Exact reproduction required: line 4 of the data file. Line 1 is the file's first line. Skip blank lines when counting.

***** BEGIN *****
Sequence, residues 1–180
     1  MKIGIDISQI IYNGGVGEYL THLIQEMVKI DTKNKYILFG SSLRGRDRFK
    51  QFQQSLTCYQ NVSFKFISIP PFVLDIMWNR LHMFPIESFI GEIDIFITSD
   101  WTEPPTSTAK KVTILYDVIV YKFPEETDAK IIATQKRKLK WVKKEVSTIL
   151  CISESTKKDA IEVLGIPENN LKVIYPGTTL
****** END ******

   101  WTEPPTSTAK KVTILYDVIV YKFPEETDAK IIATQKRKLK WVKKEVSTIL